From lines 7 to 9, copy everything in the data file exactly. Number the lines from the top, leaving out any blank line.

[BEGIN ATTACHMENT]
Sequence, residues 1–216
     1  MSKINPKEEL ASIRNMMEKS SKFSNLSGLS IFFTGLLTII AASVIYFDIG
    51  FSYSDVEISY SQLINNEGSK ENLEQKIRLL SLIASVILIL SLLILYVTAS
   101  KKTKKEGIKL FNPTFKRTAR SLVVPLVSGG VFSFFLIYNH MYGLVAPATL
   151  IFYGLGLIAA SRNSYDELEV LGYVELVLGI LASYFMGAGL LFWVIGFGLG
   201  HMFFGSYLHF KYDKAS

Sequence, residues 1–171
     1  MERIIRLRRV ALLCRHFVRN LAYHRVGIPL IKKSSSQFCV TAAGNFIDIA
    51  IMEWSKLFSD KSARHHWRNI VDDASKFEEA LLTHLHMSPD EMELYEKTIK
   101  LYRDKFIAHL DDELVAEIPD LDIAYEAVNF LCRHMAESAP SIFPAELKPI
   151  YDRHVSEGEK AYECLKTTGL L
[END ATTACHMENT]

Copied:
Sequence, residues 1–171
     1  MERIIRLRRV ALLCRHFVRN LAYHRVGIPL IKKSSSQFCV TAAGNFIDIA
    51  IMEWSKLFSD KSARHHWRNI VDDASKFEEA LLTHLHMSPD EMELYEKTIK